What’s the Difference Between MIG and TIG Welding?

In Welding, Steel Wire Products

Marlin Steel on November 18, 2016

There are a lot of different ways to weld two pieces of metal together.Here’s a question that a lot of Marlin clients ask: What’s the difference between MIG and TIG welding?

A little confusion is perfectly normal. After all, both processes use electrical arcs to produce heat and join metallic objects. Also, both processes use an inert gas mixture to prevent corrosion of welding electrode.

 

But, there are some key differences between these two electrical arc welding processes:

How Each Process Works

MIG, or metal inert gas, welding is a process that involves continuously feeding a metal wire into the weld being made. The consumable welding supply of the wire acts as a filler material to help join the two metal objects. This process is also known as GMAW (Gas Metal Arc Welding). 

TIG, or tungsten inert gas, welding uses a non-consumable tungsten electrode to run a current through the metals being joined and may or may not use a filler metal for the welding supply. Another name for this process is GTAW (Gas Tungsten Arc Welding).

Learn about how to visually examine a welding joint here!

Suitability for Welding Thicker Metal Objects

Because MIG welding employs a consumable filler material to make welds, it can often complete welds of thicker metal objects in less time than a TIG weld.

Without a filler material, TIG welding needs to get the pieces of metal being welded hot enough to form a bond with each other. Typically, this is easier with thinner pieces of metal than with thicker ones.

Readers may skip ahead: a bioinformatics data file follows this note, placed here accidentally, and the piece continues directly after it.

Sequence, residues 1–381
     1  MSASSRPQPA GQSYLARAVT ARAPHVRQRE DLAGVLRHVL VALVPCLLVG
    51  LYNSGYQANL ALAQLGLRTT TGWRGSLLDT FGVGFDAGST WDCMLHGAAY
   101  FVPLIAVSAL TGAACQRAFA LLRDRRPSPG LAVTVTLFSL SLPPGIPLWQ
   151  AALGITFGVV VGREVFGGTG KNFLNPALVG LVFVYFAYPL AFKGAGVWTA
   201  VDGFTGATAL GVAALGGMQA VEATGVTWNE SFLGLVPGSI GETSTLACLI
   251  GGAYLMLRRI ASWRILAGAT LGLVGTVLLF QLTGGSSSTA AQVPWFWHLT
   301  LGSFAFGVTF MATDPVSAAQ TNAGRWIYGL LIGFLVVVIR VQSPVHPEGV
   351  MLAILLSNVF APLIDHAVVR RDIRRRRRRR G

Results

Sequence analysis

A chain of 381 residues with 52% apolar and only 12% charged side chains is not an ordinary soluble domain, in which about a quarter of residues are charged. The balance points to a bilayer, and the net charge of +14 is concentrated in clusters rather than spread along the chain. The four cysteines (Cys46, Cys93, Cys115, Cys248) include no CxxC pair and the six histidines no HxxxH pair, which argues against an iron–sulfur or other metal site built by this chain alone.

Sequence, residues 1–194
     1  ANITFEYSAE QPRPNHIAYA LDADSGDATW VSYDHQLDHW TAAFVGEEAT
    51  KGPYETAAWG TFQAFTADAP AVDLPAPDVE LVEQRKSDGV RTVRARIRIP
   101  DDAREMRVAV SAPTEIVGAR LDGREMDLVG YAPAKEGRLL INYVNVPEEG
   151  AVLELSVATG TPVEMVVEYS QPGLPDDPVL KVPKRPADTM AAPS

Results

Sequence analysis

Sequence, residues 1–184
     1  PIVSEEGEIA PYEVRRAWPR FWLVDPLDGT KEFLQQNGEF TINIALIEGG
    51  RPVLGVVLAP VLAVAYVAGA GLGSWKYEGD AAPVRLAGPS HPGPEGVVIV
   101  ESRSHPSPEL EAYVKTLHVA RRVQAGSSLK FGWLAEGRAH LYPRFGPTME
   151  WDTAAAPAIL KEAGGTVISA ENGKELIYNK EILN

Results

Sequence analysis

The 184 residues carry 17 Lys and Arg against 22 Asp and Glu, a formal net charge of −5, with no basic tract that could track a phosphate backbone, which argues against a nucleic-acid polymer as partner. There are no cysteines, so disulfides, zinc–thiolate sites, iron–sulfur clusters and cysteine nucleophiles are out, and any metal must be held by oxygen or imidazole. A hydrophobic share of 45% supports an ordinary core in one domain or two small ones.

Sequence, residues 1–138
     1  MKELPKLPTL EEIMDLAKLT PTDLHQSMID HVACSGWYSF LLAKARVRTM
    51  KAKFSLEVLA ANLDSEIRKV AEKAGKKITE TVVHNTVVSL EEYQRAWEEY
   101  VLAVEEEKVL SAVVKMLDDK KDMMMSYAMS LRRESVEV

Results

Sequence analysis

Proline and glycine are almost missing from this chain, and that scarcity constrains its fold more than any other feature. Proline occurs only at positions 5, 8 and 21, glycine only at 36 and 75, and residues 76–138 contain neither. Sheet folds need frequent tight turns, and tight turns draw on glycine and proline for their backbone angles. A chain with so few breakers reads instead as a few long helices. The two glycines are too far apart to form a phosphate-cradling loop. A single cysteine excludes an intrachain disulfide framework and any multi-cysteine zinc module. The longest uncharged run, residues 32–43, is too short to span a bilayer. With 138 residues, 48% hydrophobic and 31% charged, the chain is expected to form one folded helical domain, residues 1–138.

Overall, for really thick, heavy-duty welds, MIG welding is the go-to option. For thinner pieces of metal, TIG welding tends to be the more effective solution.

Ease of Control

Automated welding machines make it much easier to get consistent results with TIG welding.Generally speaking, MIG welding is more often recommended for ease of use. The process tends to be a bit more forgiving of mistakes than TIG welding is—so it’s often recommended for first-time operators and non-professionals.

TIG welding, on the other hand, requires very strict control over the timing, pressure, and electric current used in the weld. In most cases, TIG welding is best done using an automated, computer numerically-controlled (CNC) welding machine. Machines can reliably perform identical welds over and over much more easily than a manual welder could.

When using an automated welder (whether it’s MIG or TIG), it’s important to get the weld settings and controls just right—otherwise, you risk repeating the same mistake over and over.

See how Marlin Steel uses automated welding machines to achieve high-quality results!

Which One is Better?

The answer depends on the job in question. As noted earlier, MIG welding is typically better for heavy-duty welding work where larger, thicker pieces of metal are being joined because it uses filler material.

However, TIG welding can work wonders for joining smaller pieces of metal, such as the wires for a custom steel wire basket. Also, because the TIG process directly joins two pieces of metal, there’s no filler material to fail—meaning less money spent on welding supplies.

With robotic welding equipment, TIG welding can be a bit lower-maintenance, since the welding electrode isn’t being constantly consumed by the welding process. However, the welding electrode still needs to be properly cleaned and polished between uses—especially when welding stainless steel.

In short, choosing one welding solution as the best should be done on a case-by-case basis, which is why Marlin Steel is dedicated to having a range of tools and technologies for completing welds.

Learn more about welding and other issues that affect metal forming today, and see what the best tools for your custom basket are!

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Author: Marlin Steel
Marlin Steel
Marlin Steel is a leading manufacturer of custom‐engineered products from steel wire and sheet metal. Its industrial material handling containers serve many industries including aerospace, defense, medical and automotive.

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